I measured exposure values in the train station in Malmö and on the train to get real-life references. Then, I used my measured values from the station to adjust the brightness of my HDRI until this was in the range of what I had measured. I did the same for my exposure range inside of the train in the post-processing volume. These kinds of ranges give us a good starting point to create something believable. Then, we can deviate from them to make it look better.

Malmö Exposures Measured

HDRI Measured

Next, I adjusted the lights to be in the physical value range for these kinds of train lights (3000-4000 lumens) and made them warmer to match the color as seen in my reference. I kept adjusting the environment, materials, and lights while working in this range. Looking at: How bright are the shadows? How strong are the emissive values? Are the whites burnt out?

After I was happy with my lighting, I started lining up the camera to be similar to the reference. While doing this, I kept on adjusting materials and lights to get better results. Iteration and trial and error are key.

Lighting – Further Tweaks – First Camera Line-Up

For the color grading, I used the "local exposure" to do some tone mapping on the whites and blacks of the scene. I change the temperature and tint to be slightly more warm. I added a bit of blue/purple in the contrast of my shadow to match the shadow underneath the seat in the right corner and tinted my highlights the slightest bit red to get the correct red-ish feeling around the ceiling. I tried to keep my adjustments to a minimum as color grading quickly might become a bit overkill.

Post-Processing Volume

Post-Processing Volume

Final Shot & Reference

TLOU-Inspired Relight

When starting on the TLOU version, I wanted to step out of my comfort zone by using neon colors and trying to match the overall color palette. The blueprints that I previously created made the iteration process very fast. I tweaked the environment a little bit and went over some iterations with the lighting.

TLOU: Light Tweaks

I felt like in every reference, there was one red element, so I added one red light in the back of the train to draw attention forward and match the palette. I wanted to incorporate this in a way to draw the attention of the viewer to the back of the train but keep it subtle enough so it wouldn't be disruptive to the overall look like in the references.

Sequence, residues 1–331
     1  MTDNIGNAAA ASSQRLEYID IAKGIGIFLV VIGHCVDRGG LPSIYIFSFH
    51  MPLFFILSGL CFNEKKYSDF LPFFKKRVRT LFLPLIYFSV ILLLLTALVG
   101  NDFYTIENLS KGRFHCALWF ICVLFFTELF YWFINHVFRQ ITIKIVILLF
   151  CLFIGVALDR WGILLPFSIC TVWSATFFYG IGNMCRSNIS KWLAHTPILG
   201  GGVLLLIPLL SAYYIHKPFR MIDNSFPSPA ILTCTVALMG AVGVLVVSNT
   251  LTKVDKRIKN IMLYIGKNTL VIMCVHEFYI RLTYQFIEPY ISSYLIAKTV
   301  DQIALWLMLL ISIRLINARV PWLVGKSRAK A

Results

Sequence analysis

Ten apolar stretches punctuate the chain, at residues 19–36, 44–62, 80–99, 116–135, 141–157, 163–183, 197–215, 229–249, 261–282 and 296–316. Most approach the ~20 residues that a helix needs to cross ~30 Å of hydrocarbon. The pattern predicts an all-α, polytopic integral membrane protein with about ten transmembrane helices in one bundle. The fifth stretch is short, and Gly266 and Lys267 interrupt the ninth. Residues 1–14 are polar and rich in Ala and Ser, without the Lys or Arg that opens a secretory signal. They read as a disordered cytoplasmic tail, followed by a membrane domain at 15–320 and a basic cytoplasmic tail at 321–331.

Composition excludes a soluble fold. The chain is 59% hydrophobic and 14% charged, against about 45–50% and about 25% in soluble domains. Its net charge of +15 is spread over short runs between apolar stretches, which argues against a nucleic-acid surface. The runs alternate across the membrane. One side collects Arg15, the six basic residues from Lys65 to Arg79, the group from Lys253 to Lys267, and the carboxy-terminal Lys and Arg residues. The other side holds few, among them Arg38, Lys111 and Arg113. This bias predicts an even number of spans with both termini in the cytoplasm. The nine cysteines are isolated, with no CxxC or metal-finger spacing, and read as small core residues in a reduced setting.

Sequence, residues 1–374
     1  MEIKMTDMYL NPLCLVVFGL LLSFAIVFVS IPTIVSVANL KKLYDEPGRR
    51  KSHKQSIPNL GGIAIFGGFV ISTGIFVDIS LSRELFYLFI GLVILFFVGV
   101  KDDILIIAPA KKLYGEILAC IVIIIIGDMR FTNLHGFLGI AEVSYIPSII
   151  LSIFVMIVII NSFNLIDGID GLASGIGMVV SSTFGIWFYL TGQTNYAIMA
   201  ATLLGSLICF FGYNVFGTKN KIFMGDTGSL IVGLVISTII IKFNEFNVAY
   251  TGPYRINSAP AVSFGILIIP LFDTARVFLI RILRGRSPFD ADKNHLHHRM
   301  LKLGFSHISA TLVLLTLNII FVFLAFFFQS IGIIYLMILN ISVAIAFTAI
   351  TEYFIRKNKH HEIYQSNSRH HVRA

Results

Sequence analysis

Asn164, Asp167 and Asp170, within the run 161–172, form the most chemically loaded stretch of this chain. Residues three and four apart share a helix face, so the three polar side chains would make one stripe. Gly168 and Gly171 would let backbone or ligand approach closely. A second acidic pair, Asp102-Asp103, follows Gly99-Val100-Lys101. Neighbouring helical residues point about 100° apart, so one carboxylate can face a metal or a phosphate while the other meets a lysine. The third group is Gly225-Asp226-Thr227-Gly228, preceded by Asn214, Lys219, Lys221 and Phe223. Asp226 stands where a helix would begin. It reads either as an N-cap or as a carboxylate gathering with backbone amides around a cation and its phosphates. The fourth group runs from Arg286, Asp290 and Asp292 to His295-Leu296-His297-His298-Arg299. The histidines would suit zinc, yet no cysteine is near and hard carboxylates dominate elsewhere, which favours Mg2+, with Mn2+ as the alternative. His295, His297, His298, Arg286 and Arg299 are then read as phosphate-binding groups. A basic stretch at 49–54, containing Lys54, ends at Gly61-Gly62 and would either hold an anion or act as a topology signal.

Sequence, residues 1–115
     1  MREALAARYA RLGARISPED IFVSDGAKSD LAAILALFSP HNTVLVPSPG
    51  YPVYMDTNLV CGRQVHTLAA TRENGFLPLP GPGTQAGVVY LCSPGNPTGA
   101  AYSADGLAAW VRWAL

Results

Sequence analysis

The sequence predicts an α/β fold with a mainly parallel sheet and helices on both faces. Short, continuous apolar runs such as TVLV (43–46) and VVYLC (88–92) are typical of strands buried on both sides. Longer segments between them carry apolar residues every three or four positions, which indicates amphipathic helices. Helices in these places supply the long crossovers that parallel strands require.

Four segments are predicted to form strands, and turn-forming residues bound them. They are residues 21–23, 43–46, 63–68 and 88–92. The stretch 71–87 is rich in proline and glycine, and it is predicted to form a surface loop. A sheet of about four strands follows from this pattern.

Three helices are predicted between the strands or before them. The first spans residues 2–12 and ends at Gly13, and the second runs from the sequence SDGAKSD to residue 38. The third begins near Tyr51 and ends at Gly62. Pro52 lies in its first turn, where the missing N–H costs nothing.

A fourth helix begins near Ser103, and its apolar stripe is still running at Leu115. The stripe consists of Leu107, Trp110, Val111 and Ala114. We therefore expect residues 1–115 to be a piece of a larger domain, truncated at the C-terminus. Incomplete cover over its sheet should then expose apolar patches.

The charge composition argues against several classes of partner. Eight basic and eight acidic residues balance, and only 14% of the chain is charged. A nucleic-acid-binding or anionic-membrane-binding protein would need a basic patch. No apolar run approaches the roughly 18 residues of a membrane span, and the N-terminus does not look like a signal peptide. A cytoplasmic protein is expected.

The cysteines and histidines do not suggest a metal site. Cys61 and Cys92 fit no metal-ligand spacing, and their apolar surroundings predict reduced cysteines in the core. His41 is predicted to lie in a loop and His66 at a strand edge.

Here you can see references with the red element:

References with red elements

The "squint your eyes" test is a great way to check if you see the same colors as in your reference. After iterating on the colors, emissives, and overall ambient, I was ready to move on to color grading.

Below you can see the reference and lighting blurred to check the colors:

For the color grading, I adjusted the local exposure to push the whites down a little bit. I added a bit of blue in the global contrast and took away some contrast in the shadows. Again, I tried to achieve as much as possible with my lights and keep my color grading subtle.

Post-Processing Settings

Post-Processing Settings

TLOU: Final Scene

TLOU: Reference

Setting Up the Final Murder on The Orient Express Scenario

The Murder on The Orient Express scenario was the fastest to set up as there were minimal environment adjustments. I added an overcast HDRI where I added controls in the shader to adjust the intensity. I then bumped the value until I measured an exposure value between 10-13.
The HDRIs that I used in this project come from Poly Haven.

Also, for the directional light, I used physical values (between 1000-2000 lux) so we would get ambient light coming in from outside of the train. Adjusting the sky atmosphere to scatter the light more diffusely helped to not get the harsh "directional" but soft diffused light. In real life, a dense layer of clouds would diffuse the lighting coming through, so we need to mimic this in the engine.

HDRI Measured

After I had my base set up, I tweaked the environment and the lights to be similar to my reference. I made the ground more red and less reflective and tweaked the metals. Afterward, I adjusted the lights to loosely match the reference.

Murder on The Orients Express: Lights & Environment Adjustments

For the color grading, I used the local exposure to bump up Shadow Contrast Scale to brighten up the darks, and I adjusted the color temperature to be a bit warmer. I took multiple shots from all three scenarios, but in the end, one of each says more than enough. Less is more.

Post-Processing Settings

Murder on The Orient Express: Final Scene

Murder on The Orient Express: Reference


I worked on this project some evenings, but in general, I prefer not to put a deadline on personal work. It takes however long it takes or until it no longer brings joy. Personal work should, first and foremost, be fun.

For aspiring lighting artists, I can highly recommend the book "Light for Visual Artists" by Richard Yot to get a better general lighting understanding in different situations. 

The Unreal Engine documentation and YouTube channel are also great because they have a lot of insightful videos where they explain how the tech works.

It's a great starting point! Furthermore, I recommend getting out there and looking at how light behaves wherever you go. Taking pictures is also a great way to build your visual library and learn how exposure works. Having some exposure charts saved as a reference is always handy.

Annelien Heyninck, Lighting Artist

Interview conducted by Theodore McKenzie